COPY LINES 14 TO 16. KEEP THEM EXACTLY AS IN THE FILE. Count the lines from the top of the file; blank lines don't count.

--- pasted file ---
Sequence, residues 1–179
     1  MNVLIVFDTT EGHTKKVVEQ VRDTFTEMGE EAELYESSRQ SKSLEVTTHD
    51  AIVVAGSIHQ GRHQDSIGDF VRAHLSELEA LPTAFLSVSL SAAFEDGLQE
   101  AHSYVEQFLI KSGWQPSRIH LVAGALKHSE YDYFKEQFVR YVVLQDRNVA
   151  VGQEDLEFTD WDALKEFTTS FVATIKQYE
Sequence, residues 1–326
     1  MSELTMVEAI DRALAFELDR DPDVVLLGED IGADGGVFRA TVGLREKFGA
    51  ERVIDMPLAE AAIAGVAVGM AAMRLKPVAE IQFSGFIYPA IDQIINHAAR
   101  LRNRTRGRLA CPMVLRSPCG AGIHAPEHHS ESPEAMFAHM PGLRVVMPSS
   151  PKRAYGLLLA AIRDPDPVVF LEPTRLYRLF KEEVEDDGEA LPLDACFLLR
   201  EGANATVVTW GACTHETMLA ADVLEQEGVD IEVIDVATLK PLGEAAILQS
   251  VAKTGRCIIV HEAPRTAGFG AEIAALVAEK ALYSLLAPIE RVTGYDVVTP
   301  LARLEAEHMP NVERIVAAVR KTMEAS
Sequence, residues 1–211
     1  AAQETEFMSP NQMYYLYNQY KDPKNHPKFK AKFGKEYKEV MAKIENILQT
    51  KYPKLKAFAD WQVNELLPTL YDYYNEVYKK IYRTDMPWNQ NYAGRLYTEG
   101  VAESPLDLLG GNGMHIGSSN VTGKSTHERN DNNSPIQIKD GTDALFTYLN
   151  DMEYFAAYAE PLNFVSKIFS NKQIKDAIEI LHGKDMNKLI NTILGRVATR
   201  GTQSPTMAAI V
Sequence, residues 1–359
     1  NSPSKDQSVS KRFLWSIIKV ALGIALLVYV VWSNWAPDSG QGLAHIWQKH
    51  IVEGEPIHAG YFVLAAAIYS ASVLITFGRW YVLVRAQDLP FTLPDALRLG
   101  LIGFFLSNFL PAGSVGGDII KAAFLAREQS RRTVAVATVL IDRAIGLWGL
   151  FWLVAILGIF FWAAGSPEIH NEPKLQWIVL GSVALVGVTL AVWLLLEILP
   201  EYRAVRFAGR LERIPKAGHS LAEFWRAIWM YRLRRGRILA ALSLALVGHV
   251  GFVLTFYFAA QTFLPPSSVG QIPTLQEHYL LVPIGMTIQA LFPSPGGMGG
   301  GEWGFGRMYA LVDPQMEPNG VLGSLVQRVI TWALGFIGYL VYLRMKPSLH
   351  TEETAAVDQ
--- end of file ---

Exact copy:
Sequence, residues 1–211
     1  AAQETEFMSP NQMYYLYNQY KDPKNHPKFK AKFGKEYKEV MAKIENILQT
    51  KYPKLKAFAD WQVNELLPTL YDYYNEVYKK IYRTDMPWNQ NYAGRLYTEG